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Panel backs closing 5 churches Chautauqua plan now goes to Kmiec

Criticism about the Diocese of Buffalo's efforts to close churches has emanated from a small Dunkirk-based group of Catholic parishioners for months -- even though a proposal had yet to be recommended for that area of the diocese.

A plan finally was unveiled Tuesday, and, as many parishioners had feared, it called for the closing of several northern Chautauqua County churches.

Thirteen parishes in the northern part of the county would be reduced to six under the recommendations forward to Bishop Edward U. Kmiec by a diocesan commission.

The churches slated to close under the plan are St. Hedwig in Dunkirk, St. Joseph in Fredonia, Immaculate Conception in Cassadaga, St. Thomas More in Ripley and St. John Bosco in Sheridan.

The commission appointed by Kmiec more than two years ago made the recommendations, based on suggestions brought forth by parishioners and priests in the region, which stretches from Silver Creek to Ripley and includes the City of Dunkirk and the Village of Fredonia.

Kmiec will make the final decision on the closures.

The recommendations were the latest development in the "Journey in Faith & Grace," which already has resulted in the announcement of mergers of more than 130 parishes across the eight counties of the diocese.

The diocese Tuesday took the unusual step of releasing the recommendations to the media. In the past, diocesan officials have declined to comment on recommendations, preferring to have pastors make the announcements directly to their parishioners during weekend liturgies.

Diocesan officials cited "heightened interest" in northern Chautauqua County as the reason for publicly announcing the recommendations.

The recommendations were broken down into three regions.

In the western region, St. James Major in Westfield and St. Patrick in Brocton would be combined, perhaps with a new name but using both sites; St. Thomas More in Ripley would be closed.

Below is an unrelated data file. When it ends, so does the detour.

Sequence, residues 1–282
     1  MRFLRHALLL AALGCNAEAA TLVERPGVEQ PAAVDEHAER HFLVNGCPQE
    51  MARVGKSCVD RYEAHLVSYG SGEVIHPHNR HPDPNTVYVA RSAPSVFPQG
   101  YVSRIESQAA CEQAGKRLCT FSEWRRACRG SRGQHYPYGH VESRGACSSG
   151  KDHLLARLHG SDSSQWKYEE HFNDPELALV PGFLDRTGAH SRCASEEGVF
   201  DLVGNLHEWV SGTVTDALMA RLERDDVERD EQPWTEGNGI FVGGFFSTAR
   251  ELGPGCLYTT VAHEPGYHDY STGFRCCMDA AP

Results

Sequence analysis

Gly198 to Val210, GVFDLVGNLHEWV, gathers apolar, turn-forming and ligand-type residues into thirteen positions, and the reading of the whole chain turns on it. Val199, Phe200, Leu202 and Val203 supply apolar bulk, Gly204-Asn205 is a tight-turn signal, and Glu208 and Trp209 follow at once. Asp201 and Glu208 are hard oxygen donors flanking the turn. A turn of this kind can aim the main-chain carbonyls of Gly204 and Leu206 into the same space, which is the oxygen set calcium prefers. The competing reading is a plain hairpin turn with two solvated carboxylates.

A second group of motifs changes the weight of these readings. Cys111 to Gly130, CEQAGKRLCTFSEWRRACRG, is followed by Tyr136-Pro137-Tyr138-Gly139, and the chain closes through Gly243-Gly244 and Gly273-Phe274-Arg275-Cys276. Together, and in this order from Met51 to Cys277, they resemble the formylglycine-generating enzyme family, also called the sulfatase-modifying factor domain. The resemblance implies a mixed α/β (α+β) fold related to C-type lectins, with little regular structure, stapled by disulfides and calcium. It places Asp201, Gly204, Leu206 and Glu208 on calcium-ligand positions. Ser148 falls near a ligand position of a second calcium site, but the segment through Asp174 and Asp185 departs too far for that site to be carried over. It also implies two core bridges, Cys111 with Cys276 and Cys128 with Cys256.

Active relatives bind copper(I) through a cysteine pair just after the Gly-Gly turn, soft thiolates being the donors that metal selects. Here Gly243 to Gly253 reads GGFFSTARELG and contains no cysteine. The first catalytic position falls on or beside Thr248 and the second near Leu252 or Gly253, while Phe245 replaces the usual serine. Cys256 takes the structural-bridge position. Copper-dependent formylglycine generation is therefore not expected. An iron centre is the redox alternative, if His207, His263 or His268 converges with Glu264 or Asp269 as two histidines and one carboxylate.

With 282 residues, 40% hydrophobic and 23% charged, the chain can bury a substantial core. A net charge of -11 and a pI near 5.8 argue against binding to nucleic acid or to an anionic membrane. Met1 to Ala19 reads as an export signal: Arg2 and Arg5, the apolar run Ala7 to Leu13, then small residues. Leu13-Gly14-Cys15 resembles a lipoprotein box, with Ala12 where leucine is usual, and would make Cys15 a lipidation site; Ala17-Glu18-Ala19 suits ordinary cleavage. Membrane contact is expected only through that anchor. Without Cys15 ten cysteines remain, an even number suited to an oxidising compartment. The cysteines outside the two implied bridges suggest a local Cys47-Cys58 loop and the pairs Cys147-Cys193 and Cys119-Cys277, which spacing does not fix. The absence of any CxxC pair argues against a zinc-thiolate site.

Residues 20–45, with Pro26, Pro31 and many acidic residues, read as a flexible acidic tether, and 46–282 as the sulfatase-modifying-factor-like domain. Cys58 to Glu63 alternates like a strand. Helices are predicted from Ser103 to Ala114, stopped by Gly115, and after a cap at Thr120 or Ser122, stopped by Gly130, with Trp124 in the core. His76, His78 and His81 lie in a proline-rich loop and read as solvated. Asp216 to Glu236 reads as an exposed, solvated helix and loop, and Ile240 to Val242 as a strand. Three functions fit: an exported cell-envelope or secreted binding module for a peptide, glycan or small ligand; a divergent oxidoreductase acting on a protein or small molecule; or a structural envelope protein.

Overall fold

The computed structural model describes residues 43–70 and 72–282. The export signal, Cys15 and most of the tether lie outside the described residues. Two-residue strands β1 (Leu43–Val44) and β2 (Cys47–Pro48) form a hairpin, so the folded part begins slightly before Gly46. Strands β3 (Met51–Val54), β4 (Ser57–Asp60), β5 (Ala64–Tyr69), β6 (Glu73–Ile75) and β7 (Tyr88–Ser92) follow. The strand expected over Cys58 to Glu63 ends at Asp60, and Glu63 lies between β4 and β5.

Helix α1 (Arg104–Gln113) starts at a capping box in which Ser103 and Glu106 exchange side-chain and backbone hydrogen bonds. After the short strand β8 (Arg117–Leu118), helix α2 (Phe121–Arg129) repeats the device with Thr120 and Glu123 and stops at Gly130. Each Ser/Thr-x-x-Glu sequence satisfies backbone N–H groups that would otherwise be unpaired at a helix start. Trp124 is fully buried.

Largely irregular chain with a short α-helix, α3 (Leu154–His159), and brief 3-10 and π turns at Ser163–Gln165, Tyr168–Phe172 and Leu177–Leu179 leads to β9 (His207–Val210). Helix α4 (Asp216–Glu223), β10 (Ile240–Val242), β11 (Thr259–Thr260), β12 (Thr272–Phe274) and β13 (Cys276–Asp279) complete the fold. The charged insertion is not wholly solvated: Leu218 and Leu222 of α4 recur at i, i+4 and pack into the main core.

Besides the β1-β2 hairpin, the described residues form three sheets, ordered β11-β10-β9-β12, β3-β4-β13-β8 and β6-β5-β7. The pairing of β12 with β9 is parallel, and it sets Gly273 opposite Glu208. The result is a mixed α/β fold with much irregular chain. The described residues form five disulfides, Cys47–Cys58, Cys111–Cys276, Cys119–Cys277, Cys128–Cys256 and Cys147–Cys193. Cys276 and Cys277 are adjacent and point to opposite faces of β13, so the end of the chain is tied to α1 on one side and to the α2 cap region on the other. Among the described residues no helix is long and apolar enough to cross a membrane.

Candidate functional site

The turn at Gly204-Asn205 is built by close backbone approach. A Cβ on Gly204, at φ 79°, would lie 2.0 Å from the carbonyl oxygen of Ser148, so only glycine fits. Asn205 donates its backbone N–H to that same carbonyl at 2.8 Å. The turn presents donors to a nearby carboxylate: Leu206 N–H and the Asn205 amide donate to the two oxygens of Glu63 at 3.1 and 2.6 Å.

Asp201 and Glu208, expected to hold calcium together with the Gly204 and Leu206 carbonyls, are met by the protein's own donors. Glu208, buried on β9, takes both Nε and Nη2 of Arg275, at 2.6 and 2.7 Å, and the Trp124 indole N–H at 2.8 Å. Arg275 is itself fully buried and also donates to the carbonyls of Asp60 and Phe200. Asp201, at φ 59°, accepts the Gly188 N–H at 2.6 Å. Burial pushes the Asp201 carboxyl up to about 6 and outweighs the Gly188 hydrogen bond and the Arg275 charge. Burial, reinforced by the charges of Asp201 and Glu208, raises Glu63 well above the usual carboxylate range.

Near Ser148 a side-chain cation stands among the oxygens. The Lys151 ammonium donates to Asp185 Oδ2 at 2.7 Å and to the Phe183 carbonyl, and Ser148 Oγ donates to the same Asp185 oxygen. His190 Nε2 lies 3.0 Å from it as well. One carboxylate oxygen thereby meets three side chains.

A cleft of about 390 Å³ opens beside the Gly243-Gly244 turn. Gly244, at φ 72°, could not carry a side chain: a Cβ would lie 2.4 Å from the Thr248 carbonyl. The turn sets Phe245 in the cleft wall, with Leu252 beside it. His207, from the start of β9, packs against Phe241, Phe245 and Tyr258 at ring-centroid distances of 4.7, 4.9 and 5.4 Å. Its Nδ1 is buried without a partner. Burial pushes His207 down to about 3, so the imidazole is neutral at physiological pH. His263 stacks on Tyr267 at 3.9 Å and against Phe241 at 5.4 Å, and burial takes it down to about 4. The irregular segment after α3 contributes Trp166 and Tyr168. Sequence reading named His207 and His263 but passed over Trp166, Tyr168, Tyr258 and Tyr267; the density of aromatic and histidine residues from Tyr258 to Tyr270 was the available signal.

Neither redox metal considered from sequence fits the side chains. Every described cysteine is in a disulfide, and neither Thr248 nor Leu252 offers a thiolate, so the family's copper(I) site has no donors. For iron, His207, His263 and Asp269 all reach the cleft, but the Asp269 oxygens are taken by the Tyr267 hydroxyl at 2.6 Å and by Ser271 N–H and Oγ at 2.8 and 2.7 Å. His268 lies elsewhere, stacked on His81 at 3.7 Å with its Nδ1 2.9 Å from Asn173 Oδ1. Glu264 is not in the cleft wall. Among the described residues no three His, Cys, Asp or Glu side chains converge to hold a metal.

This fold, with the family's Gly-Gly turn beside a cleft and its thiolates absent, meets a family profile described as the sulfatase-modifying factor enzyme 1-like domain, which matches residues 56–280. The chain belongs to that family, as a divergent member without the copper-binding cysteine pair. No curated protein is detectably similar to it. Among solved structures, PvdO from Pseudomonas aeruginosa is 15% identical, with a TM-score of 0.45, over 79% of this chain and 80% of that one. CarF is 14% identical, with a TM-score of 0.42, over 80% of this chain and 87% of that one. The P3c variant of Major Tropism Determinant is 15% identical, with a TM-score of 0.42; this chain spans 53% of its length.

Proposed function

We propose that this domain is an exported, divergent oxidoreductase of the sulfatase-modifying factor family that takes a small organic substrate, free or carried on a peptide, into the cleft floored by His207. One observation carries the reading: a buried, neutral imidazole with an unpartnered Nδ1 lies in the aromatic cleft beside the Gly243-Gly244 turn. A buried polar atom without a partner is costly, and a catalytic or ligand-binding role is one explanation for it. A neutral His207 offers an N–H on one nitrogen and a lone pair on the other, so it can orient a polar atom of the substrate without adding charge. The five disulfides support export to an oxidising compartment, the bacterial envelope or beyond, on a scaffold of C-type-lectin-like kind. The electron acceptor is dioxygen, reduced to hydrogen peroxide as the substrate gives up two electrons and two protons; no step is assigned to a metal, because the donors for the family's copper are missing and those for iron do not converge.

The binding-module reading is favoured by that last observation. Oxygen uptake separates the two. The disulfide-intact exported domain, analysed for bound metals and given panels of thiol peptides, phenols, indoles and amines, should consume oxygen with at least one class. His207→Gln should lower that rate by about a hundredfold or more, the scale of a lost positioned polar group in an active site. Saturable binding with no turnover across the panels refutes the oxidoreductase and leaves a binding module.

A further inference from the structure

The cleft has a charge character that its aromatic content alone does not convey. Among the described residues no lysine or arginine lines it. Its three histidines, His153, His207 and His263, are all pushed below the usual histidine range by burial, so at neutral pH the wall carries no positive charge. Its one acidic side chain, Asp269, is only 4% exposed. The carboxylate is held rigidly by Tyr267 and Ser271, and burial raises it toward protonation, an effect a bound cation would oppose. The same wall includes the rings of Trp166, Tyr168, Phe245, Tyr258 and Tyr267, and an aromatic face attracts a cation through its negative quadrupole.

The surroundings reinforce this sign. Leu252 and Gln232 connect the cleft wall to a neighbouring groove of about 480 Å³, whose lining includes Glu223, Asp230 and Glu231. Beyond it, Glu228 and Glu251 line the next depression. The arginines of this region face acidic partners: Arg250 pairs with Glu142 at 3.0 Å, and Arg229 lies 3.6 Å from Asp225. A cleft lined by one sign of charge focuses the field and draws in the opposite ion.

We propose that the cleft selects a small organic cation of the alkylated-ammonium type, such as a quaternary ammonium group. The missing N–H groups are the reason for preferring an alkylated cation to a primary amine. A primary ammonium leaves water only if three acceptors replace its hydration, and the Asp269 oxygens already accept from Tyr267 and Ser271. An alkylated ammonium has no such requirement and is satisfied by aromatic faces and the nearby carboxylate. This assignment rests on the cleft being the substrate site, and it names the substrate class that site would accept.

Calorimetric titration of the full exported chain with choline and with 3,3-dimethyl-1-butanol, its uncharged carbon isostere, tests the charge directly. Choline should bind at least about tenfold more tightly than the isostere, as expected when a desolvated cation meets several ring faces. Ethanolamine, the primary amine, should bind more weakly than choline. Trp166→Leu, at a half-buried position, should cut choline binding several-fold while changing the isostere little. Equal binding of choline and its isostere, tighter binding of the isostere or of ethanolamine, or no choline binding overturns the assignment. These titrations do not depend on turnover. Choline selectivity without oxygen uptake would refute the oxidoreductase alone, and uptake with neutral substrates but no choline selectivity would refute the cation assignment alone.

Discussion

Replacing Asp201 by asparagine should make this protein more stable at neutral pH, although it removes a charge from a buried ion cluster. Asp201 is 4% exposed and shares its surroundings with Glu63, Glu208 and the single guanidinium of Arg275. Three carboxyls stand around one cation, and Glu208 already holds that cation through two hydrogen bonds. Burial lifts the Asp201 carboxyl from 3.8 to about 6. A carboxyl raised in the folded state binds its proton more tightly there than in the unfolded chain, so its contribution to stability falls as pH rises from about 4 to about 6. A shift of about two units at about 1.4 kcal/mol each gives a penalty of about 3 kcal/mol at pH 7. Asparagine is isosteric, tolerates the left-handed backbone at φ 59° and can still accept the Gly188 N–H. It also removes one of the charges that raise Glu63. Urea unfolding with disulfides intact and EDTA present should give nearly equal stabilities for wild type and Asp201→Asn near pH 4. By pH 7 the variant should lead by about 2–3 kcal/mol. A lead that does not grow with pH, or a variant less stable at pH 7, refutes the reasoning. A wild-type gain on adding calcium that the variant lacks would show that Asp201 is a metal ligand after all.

In the eastern region, Our Lady of Mount Carmel in Silver Creek, St. Rose of Lima in Forestville and St. John Bosco in Sheridan would merge, possibly with a new name, using the Silver Creek and Forestville sites, with the Sheridan church being closed.

In the central region, St. Anthony of Padua and St. Joseph in Fredonia and Immaculate Conception in Cassadaga would combine, also perhaps with a new name, using St. Anthony as the primary church and Immaculate Conception as a secondary site with one weekend liturgy.

In Dunkirk, also in the central region, St. Hedwig and St. Hyacinth would merge, with the St. Hedwig property being sold. St. Elizabeth Ann Seton, the first church formed in the merger process, remains; and Holy Trinity will form a collaborative relationship with the Newman Center at Fredonia State College.

Dunkirk is the home of Catholic Parishioners Against Church Suppression (CPACS), a lay group that operates a Web site and has been highly critical of Kmiec's efforts to shutter churches and merge parishes.

"They're recommendations, but it doesn't look good at all," said Bill Parks, one of the founders of CPACS, who had an animated exchange with Kmiec in August in a Dunkirk hotel that led to an investigation by Chautauqua County authorities. No charges were filed. "I consider the proposal to close St. Hedwig's in Dunkirk a major tragedy."

Parks predicted members of St. Hedwig Church would stop attending Masses altogether.

Longtime St. Hedwig parishioner John Woloszyn, a former member of the City Council, said the parish was still vibrant and able to pay its bills, with savings in the bank.

"I always feel if it's broke don't fix it," he said.

But the trends for Chautauqua County were not promising. The number of Catholic marriages fell to 95 in 2005 from 216 in 1990, and there were 206 baptisms in 2005, compared with 592 in 1990.

The recommendations forwarded to the bishop were the best plans that a group of parishioners working on the restructuring could develop, said the Rev. Patrick Elis, episcopal vicar for the Northern Chautauqua vicariate.

"When we did this, the lay people made these recommendations," said Elis, adding that priests of the parishes did not participate in the voting process.

The group met 28 times over the past two years or so, he said.

Kmiec's final decision on the Chautauqua County parishes is expected by the end of this year.


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